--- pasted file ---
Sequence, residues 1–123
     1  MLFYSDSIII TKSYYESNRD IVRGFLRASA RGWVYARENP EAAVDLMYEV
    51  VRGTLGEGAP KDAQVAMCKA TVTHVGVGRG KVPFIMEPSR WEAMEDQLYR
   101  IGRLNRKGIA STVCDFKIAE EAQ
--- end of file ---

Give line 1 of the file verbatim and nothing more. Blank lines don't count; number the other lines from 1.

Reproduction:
Sequence, residues 1–123